“Am I shitting? It feels like I’m shitting.”
This is the first line of dialog that we are greeted with in Saga, and right off the bat I knew I was in for something unusual. I mean, it’s not every day you open up a comic book and see that as the first words. It sets the tone for the rest of the volume; it lets the reader know that, throughout the duration of this book, nothing is off limits. And it only gets crazier from there.
In Saga, written by Brian K. Vaughan and illustrated by Fiona Staples, the story follows Marko and Alana, a husband and wife duo from opposite sides of a deadly ongoing war. The book starts off with Alana giving birth to their child, who will soon become known as Hazel, and tells the tale of their ensuing fleet from their enemy – who seems to be just about everyone. It’s narrated throughout by Hazel herself, looking back on the early days of her birth.
In contrast to many (or most) space epics, Saga stays away from the forefront of any galactic battle and instead focuses on what’s going on in the details. Marko and Alana, at least for the time being in this first collection, aren’t key players in any Galaxy-collapsing battle. They are simply two lovers who should not be; two people from warring races who were never meant to be in love. They look different. They act different. Vaughan seems to go through great pains to show just how diverse this love affair is, and in doing so, is making a huge and lasting statement about love and its boundaries.This love story doesn’t end with Marko and Alana, either. All of the main players of this story, antagonists included, have some sort of relationship. Whether it’s a scorned ex-lover or a looming robot pregnancy, it can be found.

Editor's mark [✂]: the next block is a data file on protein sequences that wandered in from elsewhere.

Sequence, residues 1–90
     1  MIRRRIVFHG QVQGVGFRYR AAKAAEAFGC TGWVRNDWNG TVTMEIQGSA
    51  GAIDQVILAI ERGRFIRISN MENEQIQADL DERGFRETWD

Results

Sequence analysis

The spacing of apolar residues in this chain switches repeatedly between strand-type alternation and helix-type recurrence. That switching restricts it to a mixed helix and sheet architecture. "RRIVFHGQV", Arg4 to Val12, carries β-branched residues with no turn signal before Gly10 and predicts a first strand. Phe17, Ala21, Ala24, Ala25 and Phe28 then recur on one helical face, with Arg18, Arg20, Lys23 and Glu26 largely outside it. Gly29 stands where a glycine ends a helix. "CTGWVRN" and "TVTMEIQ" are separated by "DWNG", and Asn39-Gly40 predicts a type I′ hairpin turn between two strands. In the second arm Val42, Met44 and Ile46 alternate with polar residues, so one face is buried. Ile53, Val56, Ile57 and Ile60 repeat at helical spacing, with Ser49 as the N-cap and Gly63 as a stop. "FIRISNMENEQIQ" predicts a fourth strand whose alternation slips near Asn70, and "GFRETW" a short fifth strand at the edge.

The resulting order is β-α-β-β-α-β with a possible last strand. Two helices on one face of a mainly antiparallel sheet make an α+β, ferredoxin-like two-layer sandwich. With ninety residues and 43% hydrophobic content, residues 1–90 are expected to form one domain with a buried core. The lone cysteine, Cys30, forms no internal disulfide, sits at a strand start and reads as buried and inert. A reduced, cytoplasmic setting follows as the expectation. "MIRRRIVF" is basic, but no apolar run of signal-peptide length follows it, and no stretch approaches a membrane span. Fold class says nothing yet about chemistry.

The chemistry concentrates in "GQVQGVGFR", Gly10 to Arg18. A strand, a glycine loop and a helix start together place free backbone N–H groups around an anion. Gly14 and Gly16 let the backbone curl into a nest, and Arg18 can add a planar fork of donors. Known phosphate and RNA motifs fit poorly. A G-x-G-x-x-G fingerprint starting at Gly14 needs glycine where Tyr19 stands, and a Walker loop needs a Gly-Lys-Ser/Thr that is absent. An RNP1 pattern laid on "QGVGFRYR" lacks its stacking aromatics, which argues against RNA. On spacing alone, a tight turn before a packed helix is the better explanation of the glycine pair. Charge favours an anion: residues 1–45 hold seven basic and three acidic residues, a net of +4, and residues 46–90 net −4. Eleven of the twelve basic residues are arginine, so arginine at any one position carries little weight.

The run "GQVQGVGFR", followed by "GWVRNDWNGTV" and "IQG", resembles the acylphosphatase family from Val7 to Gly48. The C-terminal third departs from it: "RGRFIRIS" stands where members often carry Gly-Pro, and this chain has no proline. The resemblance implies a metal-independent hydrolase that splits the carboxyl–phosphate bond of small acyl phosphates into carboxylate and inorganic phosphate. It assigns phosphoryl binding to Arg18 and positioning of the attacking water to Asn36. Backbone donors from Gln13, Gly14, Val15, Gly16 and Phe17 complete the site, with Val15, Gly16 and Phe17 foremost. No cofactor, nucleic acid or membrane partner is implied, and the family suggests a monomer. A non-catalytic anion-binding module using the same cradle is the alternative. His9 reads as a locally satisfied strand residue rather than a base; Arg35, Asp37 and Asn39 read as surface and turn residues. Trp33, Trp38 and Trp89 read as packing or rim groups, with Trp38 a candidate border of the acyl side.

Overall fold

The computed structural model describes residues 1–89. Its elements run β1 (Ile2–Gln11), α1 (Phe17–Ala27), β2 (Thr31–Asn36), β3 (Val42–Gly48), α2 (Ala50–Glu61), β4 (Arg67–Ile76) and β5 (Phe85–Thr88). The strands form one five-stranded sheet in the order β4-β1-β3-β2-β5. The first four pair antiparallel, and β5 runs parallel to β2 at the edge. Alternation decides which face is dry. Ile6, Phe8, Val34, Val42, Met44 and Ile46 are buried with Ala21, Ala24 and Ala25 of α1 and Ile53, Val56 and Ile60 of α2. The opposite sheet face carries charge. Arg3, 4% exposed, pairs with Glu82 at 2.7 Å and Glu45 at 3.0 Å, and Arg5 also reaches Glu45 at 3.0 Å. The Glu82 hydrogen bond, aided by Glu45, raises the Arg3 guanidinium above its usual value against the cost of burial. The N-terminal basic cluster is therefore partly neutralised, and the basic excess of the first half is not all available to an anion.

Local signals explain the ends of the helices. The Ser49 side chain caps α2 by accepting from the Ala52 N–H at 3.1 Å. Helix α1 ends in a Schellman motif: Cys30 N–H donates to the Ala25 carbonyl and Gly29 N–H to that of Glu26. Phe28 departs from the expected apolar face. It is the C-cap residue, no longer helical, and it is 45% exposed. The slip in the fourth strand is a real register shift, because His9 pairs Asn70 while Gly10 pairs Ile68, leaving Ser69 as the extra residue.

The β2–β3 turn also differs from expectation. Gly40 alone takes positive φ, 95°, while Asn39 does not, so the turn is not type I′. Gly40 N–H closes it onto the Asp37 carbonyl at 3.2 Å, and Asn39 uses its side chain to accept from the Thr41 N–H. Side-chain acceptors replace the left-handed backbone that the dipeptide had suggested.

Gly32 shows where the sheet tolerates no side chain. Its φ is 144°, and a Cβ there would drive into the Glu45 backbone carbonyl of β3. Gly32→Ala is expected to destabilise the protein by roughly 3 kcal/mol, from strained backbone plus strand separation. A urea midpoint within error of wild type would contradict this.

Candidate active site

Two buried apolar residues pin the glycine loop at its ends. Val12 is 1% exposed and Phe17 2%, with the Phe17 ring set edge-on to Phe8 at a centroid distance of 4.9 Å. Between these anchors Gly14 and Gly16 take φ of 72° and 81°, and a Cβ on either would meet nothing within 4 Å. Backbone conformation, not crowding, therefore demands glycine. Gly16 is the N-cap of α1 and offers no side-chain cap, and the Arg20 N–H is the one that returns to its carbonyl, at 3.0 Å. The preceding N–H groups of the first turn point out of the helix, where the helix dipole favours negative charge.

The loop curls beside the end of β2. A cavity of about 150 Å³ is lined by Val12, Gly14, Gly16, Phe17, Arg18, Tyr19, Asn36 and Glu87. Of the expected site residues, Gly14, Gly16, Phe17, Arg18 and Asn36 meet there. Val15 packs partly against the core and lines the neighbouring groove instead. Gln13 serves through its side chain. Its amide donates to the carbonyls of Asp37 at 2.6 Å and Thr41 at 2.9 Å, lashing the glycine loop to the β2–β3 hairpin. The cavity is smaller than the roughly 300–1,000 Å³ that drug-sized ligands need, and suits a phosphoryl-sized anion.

This love story doesn’t end with Marko and Alana, either. All of the main players of this story, antagonists included, have some sort of relationship. Whether it’s a scorned ex-lover or a looming robot pregnancy, it can be found. Sometimes extremely explicitly.
By the way, “explicit” is a key word here in Saga. It’s a book in which literally anything goes. How are you ever to know what to expect when you have scenes of characters organs being freed from their bodies followed by awkward sex pains and continued on with beaurocratic discussions mixed in with laser beams, swords, and rocket ships made out of trees. It’s a dizzying, fantastically-illustrated work of magic, sex, love, space, heroism, and more.
One would think that such a comic would simply be the ridiculous work of a humorist, but it’s certainly not. Though there are a lot of very funny sequences and bits of dialog, it never relents from giving you a compelling and addictive story. It’s not just craziness for the sake of being crazy. Vaughan has crafted a unique world unlike anything I have ever seen, and within it he has embedded a deep story of a man and a woman simply wanting to raise their child and break free from the violence of this destructive war.
Saga may just change the way you look at comics. Read it at your own peril; the cliffhanger at the end is a surefire way of getting any potential fan sucked in for the long haul. My only complaint would be that it took me so long to get around to reading it.
The Geeked Gods Score: 9.5/10. A perfect combination of incredible art, moving plotlines, and galactic insanity.
Publisher: Image Comics
Writer: Brian K. Vaughan
Artist: Fiona Staples